Google can’t predict Scotland’s future – it’s in our hands

Google can’t predict Scotland’s future – it’s in our hands

Comments Off

By Tom Hunter

Last week I visited Google’s headquarters in London – and it blew my mind.

It’s their job to predict the future. I saw driverless cars, drones delivering parcels and contact lenses monitoring insulin levels in people with diabetes – all amazing.

But when I asked them to predict the outcome of our referendum they were stuck. Too close to call!

Sunday really saw this debate come alive when a poll said Yes were in the lead for the first time. We then had Gordon Brown come in with a timetable for more powers. There is no doubt this is late, but is it just in time? Or just too late?

The talk is now of more powers – but that got me thinking. How much do I and other voters really know about the powers we already have, the powers we are already guaranteed and the ones now – supposedly – on offer?

The powers we have at present give us control over important parts of our lives like education, policing, transport, environment and health and social services.

That is why we in Scotland can say that our students don’t have to pay university fees when those south of the border do.

That’s why we have free personal care for the elderly – not available down south.

That’s why spending on the NHS in Scotland is higher per head than in the rest of the UK – and is totally protected.

And the Scotland Act of 2012 will give us more powers. We’ll be able to raise or lower income tax by up to 10p in the £, we’ll have control over Stamp Duty on house purchases and Landfill tax. The Scottish Government will be able to borrow to finance investment. We’ll have power over air guns, drink driving limits and drug enforcement and we will have Revenue Scotland to replace HMRC for Devolved Taxes.

I believe the SNP have run Scotland over the past six years in a very competent way. Many people agree. Our own polling tells us that even in the event of a No vote, people who voted No would still vote for Alex Salmond to lead the next Scottish Government.

There is no question they have made a difference to our lives. Scotland, they tell us, is one of the most prosperous regions of the UK and the 14th wealthiest country in the world. And they have done it with the powers they already have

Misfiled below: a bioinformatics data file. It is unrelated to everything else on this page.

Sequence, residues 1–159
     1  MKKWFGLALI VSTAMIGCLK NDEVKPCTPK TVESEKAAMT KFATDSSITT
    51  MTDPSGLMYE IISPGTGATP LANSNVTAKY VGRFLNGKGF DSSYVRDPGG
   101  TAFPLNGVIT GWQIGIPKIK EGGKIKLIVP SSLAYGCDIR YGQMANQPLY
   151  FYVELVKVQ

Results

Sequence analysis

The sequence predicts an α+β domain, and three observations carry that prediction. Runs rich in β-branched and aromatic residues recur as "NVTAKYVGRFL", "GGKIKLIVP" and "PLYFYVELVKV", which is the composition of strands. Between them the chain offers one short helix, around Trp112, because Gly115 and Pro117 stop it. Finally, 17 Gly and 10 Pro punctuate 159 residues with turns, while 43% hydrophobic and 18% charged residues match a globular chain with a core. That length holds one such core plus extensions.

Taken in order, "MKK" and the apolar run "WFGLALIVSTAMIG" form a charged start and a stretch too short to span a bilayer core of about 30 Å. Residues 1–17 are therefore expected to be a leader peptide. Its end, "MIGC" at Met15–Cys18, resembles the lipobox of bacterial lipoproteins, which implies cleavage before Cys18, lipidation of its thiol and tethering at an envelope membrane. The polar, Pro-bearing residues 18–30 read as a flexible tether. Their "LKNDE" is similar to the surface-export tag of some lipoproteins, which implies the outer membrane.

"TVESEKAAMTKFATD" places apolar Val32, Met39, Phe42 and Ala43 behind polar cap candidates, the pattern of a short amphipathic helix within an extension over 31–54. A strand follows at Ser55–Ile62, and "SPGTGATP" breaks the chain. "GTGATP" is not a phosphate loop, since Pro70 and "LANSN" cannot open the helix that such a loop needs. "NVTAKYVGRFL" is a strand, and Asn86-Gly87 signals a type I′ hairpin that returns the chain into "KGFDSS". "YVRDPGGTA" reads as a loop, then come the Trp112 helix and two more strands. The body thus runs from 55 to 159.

So, the big huge question is: why do we need to separate from the rest of the UK? What is it that we can only do if we are separate ?

I believe the majority of us in Scotland want a just and civil society. We want to take care of those who can’t take care of themselves. We believe in free tuition fees for our universities and free care for the elderly.

The two sides agree on that. I guess they disagree on how we are going to pay for it.

The Yes campaign says we need to be independent, to get our hands on all the taxes we pay and the oil money. Only by doing that can we guarantee to keep the advantages we have and go further.

Better Together says the risks are too high – the oil is running out and future taxes are uncertain. By staying in the UK and getting extra powers we can have the best of both worlds.

When the referendum was announced I was excited and a bit daunted. I really believed this was too important a decision to leave to the politicians alone to inform us. So we got some of the biggest brains in the world to look at these huge questions.

We made sure they had no side in this fight their findings are available in a free book which can be downloaded from our website.

There’s no political spin. I’m not trying to convince you of my point of view, simply putting facts into your hands so you can make an informed decision.

When we cast our votes on September 18 there will be no going back. Long after Alex Salmond, David Cameron and Ed Miliband have left the scene our children and their children will need to live with the decision we make. Good luck

Sir Tom Hunter is an entrepreneur and philanthropist. He established scotlandseptember18.com to provide facts and objective analysis on the referendum.
The free book, Scotland’s Decision, has been downloaded 60,000 times so far and is available on the site.

Newsletter

Back to Top